Two important voices who preached the importance of knowledge left us within hours of each other. Rabbi Jonathan Sacks, the former Chief Rabbi of the United Kingdom died on November 7 and Alex Trebek, the host of the TV game show Jeopardy!, passed away on November 8. At first glance they had little in common – one was Jewish, the other not – but they both championed intelligence in an increasingly anti-intellectual age.
I grew up watching Jeopardy! almost every evening. I loved challenging myself to get as many answers (phrased in the form of a question) right as possible. I wasn’t the best at sports, but I killed it in Jeopardy! and enjoyed impressing anyone who might watch with me, from my grandmother to my future wife, who to this day still says “You should go on Jeopardy!” any time I answer trivia correctly.
Trebek presided over the show with a cool, but encouraging demeanor. He was the king of nerds, but demonstrated that one could be well-dressed, smooth, and confident as well as smart. He was even popular with the ladies of a certain age. My Bratislava-born grandmother always said, with a twinkle in her eye, that he was “so simpatico”.
Rabbi Sacks demonstrated the other end of the knowledge spectrum. While he was certainly a brilliant mind, his intellectual persona did not derive from the recitation of facts and trivia. Instead he looked to the deep wells of wisdom from the Jewish and secular traditions to help make civilization more humane. While many of his fellow religious leaders moved toward zealotry and extremism, Rabbi Sacks argued for pluralism and common ground.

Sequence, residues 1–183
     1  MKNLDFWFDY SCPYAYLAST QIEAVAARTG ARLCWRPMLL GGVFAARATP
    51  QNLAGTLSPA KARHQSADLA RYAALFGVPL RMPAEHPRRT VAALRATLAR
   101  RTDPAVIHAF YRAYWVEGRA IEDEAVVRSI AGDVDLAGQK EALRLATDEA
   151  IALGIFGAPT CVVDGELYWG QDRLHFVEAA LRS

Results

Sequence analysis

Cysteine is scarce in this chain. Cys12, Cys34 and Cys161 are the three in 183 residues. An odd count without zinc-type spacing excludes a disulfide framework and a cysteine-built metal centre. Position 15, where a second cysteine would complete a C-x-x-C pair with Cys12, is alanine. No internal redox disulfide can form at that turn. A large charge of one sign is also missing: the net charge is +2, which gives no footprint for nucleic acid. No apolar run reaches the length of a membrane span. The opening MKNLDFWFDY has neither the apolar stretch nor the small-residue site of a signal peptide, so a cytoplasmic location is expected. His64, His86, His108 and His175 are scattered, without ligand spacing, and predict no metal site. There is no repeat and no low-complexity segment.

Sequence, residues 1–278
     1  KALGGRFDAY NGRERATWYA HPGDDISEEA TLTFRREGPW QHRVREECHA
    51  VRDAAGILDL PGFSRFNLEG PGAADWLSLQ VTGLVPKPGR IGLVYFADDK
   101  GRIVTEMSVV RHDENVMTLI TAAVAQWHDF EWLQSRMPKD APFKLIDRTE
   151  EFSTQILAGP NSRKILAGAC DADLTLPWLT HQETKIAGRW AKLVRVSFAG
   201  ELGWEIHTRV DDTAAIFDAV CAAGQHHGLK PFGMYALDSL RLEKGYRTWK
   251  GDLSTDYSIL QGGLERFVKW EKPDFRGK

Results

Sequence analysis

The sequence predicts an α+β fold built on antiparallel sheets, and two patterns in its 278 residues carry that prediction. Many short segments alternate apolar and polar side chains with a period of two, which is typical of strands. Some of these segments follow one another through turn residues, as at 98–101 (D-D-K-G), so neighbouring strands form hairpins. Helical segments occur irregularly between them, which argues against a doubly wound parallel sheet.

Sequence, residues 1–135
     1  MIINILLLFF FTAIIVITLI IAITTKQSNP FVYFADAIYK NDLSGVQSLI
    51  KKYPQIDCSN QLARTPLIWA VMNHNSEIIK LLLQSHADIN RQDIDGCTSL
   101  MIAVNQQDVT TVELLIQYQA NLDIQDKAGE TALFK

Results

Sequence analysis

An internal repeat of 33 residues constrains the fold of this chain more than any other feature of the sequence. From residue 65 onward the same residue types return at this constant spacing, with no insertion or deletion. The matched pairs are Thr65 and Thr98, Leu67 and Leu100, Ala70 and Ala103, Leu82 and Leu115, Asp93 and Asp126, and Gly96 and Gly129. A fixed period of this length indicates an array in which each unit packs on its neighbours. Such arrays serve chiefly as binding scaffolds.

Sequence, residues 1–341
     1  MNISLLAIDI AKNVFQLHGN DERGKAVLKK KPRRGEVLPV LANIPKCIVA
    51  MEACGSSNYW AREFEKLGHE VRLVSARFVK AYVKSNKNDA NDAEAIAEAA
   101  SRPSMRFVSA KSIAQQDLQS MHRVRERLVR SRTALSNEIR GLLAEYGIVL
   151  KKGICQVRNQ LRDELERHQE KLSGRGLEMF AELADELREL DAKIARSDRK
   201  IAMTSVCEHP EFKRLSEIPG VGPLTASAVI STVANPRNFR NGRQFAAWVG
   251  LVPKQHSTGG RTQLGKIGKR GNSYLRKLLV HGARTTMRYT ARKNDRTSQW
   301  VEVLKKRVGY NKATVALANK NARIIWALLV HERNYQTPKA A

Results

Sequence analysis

During rabbinical school I read his book The Dignity of Difference: How to Avoid the Clash of Civilizations for a class in Jewish ethics. The book was written after the attacks on September 11, 2001 and represent Rabbi Sack’s argument for the possibility that the various religions of the world can live in peace under shared values. While his argument may not have been original, the fact that an Orthodox rabbinic leader was willing to embrace pluralism was especially important in an increasing intolerant world.
Rabbi Sacks has come to be known not just for his publications, but also for the Torah that he taught online. His thoughts and questions on the weekly portion are popular because he was not afraid to tackle difficult issues in an intellectually honest way. He invited you on a quest for knowledge – one that might end up taking you throughout the Jewish tradition, but the ultimate destination was into the depths of your soul.
Trebek and Sacks showed that you don’t need to be pigeonholed by a high IQ. Indeed it can be cool to be good at trivia, and Jewish knowledge can, and in fact should, be shared with the world. These two men, at different points in my life, were inspirations, and our world is a little less smart without them.